"The Best Art In The World"
Angels and Unawares, Potraits of the Homless in LA
By Megan Reed, October 2019
Paying a visit to Los Angeles--the second most populous city in the United States--has likely long been a study in contrasts: fantasy versus reality, the real versus the hyperreal, deep indigenous traditions versus those values superimposed by Eurocentric colonization. Part of Alta California until Mexico ceded control to the United States at the conclusion of the Mexican-American War in 1848 (it became the state of California in 1850), Los Angeles has been--and continues to be--in so many ways, the microcosmic depiction of the American experiment. The last domain of westward expansion, it has had projected upon it many last-ditch hopes for prosperity, equality (and perhaps, true democracy) by eager pioneers, migrants, and transplants alike. Amidst the shining allure of its entertainment capital status, this City of Angels has long harbored ghosts in its fringes, of fantasies lost or almost achieved. As cities across the US experience widening gentrification, income inequality and rising homelessness, these ghosts are becoming increasingly more visible. And nowhere is this contrast between prosperity and desperation more stark than in Los Angeles.
Enter Casey Coates Danson, a New York City-educated environmental designer, documentary filmmaker and activist. An Angeleno for nearly forty years, she’s the personification of the aforementioned contrasts, with deep Hollywood connections alongside her tireless work to create innovative environmentally-sound sustainable housing for all. Years ago, passing through downtown Los Angeles’s Skid Row neighborhood (a concentrated stretch of some of the most densely populated homeless encampments in the city), she was shocked by the incredible poverty and devastation. The containment of this crisis to downtown left it largely out of view from the westside of Los Angeles, where the majority of the moneyed Hollywood class resided. Danson pulled out her camera and began shooting photos, if only to record for herself the horrifying scene.
She uncovered the negatives years later in her darkroom, and at the encouragement of her daughter, began developing them. One might think they could be viewed as artifacts of a distant past since corrected by effective public policy, but not so. In fact, by the time Danson revisited these shots, the crisis had reached its current epidemic proportions, with homeless encampments cropping up all over the city, including near where she lives in Venice Beach. Horrified by her neighbors’ apathy to this plight (showing more concern, as she says, for the impact on their property values), she felt compelled to confront this crisis, merging, through collage and Photoshop, the images of the homeless she photographed with images of architectural spaces she’d designed throughout the years, many profiled in high-end design magazines. The juxtaposition is stark: the ghostly black and white images of the socially invisible haunting spaces they are invariably alienated from, if not only by policy, but also by the ways we, societally, have been conditioned to ignore them. In Danson’s hands, images trump words, forcing us to face this invisibility.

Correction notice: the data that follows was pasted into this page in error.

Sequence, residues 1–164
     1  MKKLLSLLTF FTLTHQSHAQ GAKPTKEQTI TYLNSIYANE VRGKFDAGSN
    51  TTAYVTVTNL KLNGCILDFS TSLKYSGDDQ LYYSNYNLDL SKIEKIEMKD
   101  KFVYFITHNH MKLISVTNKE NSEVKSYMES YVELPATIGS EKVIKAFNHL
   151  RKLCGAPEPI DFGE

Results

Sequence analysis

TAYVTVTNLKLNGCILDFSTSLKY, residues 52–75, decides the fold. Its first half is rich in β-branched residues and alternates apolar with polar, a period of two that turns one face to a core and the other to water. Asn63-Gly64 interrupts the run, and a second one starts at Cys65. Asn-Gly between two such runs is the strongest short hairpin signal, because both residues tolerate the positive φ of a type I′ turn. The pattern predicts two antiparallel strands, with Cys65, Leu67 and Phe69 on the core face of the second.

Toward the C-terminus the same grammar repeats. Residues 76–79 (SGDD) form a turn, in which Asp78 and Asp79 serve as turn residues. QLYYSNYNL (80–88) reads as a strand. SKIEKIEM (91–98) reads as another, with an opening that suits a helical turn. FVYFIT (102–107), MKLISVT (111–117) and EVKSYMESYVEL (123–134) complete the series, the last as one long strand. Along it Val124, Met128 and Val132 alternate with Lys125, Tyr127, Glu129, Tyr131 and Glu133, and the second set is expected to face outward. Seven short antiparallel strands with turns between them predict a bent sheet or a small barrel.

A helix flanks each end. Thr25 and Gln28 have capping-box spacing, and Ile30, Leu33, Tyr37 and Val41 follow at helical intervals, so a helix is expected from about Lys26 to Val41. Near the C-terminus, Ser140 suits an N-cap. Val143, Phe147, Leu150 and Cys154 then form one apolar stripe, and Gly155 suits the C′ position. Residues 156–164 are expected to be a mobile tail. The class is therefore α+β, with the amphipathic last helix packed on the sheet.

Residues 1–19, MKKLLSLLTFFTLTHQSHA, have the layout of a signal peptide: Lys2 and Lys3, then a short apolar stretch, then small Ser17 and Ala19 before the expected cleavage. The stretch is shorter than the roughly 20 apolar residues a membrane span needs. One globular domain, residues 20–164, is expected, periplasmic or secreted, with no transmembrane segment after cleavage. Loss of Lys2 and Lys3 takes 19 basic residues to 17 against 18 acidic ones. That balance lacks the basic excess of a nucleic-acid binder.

Danson doesn’t define herself as an artist or photographer, per se, but as an activist, seeking to pick up the mantle with images where politics and policy--words--have so literally failed. As someone who has devoted her career to finding sustainable ways to build homes, the poetry of her images reflects a deep-seated need we all have as humans, for belonging, for a sense of security in our place in society. When the attainability of a secure home is increasingly out of reach for so many, Danson sees her work as a call for action.
Compiled as a book, Danson’s images in the aptly titled Angels Unawares provide a permanent record of the homeless crisis in Los Angeles, defying status as a coffee table book, or something existing for pure aesthetic pleasure. This book acts as a historical record of our current socio-economic present, a reflection of the values we are all complicit in if we are not actively protesting them. In the City of Angels, where dreams of upward mobility and hopes for new beginnings are defining traits, the “angels” in Danson’s book are stark reminders of the ghostly ways in which we are all too close to the fringes. Her book creates an activist community, reminding us all that we are integral parts of the same dream, the same city, the same humanity. The survival of Los Angeles--indeed, our nation--depends on it. WM
Megan Reed is a writer and fine artist based in Los Angeles, California.